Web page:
Find tax shelter for renovations

QTA Consultants, Ltd./Renata Bliumaite

The new tax law— Tax Cuts and Jobs Act (TCJA)— preserves a major tax credit for building renovations, but with certain modifications.

Strategy: Obtain certification for a “historic structure.” If you meet the requirements, you can claim a 20% credit for the renovations, albeit at a slower pace than you could before the new law. Conversely, the TCJA completely eliminates another tax credit, the rehabilitation tax credit (“rehab credit”).

Here’s the whole story: Previously, you could claim either a 10% rehab credit or a 20% historic structures credit.

1. Rehab credit: To qualify for the 10% credit, the building must have been placed in service before 1936. Also, the work was required to be substantial in nature (i.e., expenses over a two-year period in excess of the greater of $5,000 or the adjusted basis of the building and its structural components). In addition, specific wall retention requirements had to be met. Finally, the building must have been placed in service by the taxpayer before the rehabilitation work was begun. Qualified rehabilitation expenses included architectural and engineering fees, site survey and development fees, legal expenses, and other construction-related costs, as long as they were added to the property’s basis, reasonable in amount and related to services performed. New law change: Now the walls have tumbled down. The rehab credit is no longer available for expenses incurred after 2017, although some technical transitional rules may apply. See your tax pro for details.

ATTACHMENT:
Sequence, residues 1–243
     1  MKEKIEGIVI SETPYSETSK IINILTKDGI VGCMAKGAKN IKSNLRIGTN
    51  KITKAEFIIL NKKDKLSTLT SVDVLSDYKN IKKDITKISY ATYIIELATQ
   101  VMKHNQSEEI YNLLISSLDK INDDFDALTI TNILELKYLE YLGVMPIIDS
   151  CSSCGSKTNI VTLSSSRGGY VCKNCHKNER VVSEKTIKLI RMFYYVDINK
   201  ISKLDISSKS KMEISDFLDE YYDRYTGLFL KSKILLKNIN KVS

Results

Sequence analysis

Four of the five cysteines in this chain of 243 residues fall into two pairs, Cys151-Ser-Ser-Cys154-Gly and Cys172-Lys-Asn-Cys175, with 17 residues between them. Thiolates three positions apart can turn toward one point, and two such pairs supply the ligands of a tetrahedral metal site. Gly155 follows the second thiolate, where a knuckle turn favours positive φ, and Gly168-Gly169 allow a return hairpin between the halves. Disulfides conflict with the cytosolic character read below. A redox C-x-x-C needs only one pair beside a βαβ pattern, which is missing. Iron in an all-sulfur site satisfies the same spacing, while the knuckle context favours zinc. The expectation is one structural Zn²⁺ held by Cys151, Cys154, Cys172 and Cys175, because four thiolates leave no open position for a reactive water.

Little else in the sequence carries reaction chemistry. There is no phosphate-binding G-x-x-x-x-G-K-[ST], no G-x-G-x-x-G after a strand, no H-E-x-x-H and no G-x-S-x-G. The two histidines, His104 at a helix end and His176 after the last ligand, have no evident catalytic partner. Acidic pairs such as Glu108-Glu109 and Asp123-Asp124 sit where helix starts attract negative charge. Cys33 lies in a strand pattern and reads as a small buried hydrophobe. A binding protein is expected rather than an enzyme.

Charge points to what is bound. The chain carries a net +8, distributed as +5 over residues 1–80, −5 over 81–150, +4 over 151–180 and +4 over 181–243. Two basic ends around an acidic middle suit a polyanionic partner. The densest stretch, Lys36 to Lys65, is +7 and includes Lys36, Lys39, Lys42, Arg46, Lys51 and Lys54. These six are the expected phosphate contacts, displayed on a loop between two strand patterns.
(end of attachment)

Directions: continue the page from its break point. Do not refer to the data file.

2. Historic structures credit: As the name implies, the historic structures credit is only available for renovations to buildings of historical significance. But this covers more places than you might think. It doesn’t have to be a residence from the 1700s where George Washington slept or an antebellum mansion from the Civil War era. For instance, you may qualify for the credit by renovating a brownstone or row house from a historic part of a downtown area. Unlike the rehab credit, you don’t have to bend over backwards to qualify for the historic structures credit. For instance, there are no age or wall-retention restrictions. However, you must meet two other requirements:

• The building must be listed on the National Register of Historic Places or located in a registered historic district and certified by the Secretary of the Interior as being historically significant.

• The rehabilitation must also be certified. This means the finished product must retain the original historic character (but not necessarily the original use) of the building. The National Register of Historic Places currently lists more than 92,000 locations that are eligible for the credit. Visit the website at www. cr.nps.gov/nr/about.htm. New law change: Under the TCJA, the credit must be claimed ratably over a five-year period. In effect, you obtain a 4% credit each year for five consecutive years. This dilutes the benefit of the credit somewhat because it takes longer to cash in. In conjunction with this change, a previous provision requiring investors to forfeit part of the credit if it was sold within five years has been repealed. The application for the historic structures credit must be submitted in duplicate to the State Historic Preservation Office (SHPO). The SHPO retains a copy and forwards the other copy to the National Park Service (NPS).

Tip: Only the NPS approves projects for the credit.